I had a very comfortable, flowing practice sans DVD this morning. It's good that I'm feeling easy about not using a DVD this week because, as of tonight, I will be computer-less for two days. My MacBook, Sitatara, is going in for some repairs. I've been frantically catching up on computer-related tasks in preparation for this.
My transition back to a regular diet after the fast has been smooth. I relaunched my diet at a lower calorie level geared toward weight-loss. But to be honest, I'm nearly back to my regular weight. After I've stabilised my weight, I'm going to add some healthy carbohydrates back into my diet. I'm trying mightily not to fall back into that same unhealthy pattern that got me in this fix to begin with.
The other day, Annabella posted a link to this wonderful article by Pema Chodron. It couldn't have been more timely (Thanks Ann!). The idea of 'shenpa' deeply resonated with me on so many levels.
Lately, I've been feeling and struggling to identify this emotion. Shenpa is a tightening, tensing and shutting down/out that arises when we're faced with change or insecurity of any kind. This feeling of unease causes us to seek comfort in anything that can cloak the feeling of painful restlessness. Chodron says that “we're in the habit of associating whatever we're doing with relief from our own discomfort.” Avoidance of difficult emotions becomes a pattern, a habit.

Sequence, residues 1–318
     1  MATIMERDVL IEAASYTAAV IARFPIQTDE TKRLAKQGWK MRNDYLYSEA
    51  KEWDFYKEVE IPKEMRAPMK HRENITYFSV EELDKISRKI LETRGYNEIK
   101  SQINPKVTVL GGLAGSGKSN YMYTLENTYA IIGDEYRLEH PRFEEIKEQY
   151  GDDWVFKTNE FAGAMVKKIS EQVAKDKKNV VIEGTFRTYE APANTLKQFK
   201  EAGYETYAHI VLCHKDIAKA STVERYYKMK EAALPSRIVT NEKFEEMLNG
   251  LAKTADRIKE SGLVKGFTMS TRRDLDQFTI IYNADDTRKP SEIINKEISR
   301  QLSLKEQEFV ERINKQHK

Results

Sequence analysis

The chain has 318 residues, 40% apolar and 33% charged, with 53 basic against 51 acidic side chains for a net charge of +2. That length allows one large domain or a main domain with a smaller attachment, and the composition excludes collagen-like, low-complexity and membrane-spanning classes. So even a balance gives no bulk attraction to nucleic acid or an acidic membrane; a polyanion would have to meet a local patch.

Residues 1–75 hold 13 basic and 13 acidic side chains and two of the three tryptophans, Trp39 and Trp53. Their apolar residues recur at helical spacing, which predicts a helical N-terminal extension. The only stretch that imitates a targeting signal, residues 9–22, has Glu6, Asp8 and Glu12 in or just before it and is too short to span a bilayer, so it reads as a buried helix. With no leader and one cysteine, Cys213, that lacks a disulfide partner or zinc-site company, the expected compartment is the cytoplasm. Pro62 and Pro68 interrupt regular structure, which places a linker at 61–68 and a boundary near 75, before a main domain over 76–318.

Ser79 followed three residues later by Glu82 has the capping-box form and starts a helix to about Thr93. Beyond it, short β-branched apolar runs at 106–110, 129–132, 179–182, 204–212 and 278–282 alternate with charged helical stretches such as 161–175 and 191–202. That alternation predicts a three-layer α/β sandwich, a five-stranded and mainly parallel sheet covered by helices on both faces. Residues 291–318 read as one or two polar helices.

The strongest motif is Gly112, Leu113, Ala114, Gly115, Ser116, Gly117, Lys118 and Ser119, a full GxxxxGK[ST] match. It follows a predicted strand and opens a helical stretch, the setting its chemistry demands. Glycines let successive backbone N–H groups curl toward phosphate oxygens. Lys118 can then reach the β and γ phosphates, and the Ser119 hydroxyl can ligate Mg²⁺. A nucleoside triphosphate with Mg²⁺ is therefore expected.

I recognise shenpa as the feeling that causes me to eat to fill the void, surf the Internet for no reason, obsessively check email, pace the apartment, project, create imaginary scenarios in my mind and generally go into emotional overdrive. I also think shenpa causes me to avoid meditation and yoga practice.
Chodron recommends the 'four Rs' for working with shenpa as a spiritual practice:
The ideal place to recognize shenpa is in meditation. Each time it came up for me yesterday, I raced to the zafu and sat with it. What a horrible, squirmy feeling it is! It wasn't comfortable, but with practise, the feeling eventually dissipated as I brought myself back into the present moment. By facing the feeling head-on, I was able to refrain from my habitual response and relax into it.
Relaxing into the feeling can lead to its resolution. With practice, prajna kicks in. According to Chodron, prajna is “wisdom found in basic goodness, openness, equanimity—which cuts through self-absorption” With prajna, it's possible to open up the empty space instead of trying to fill it, finding the essential wholeness of the moment.
In the coming week, I'm going to work on each of the 'Four Rs' in my meditation practice and daily life. I'll keep you all updated on my experience with this.
Please note: I will be offline until Thursday or Friday but will try to update via borrowed computer sometime on Thursday.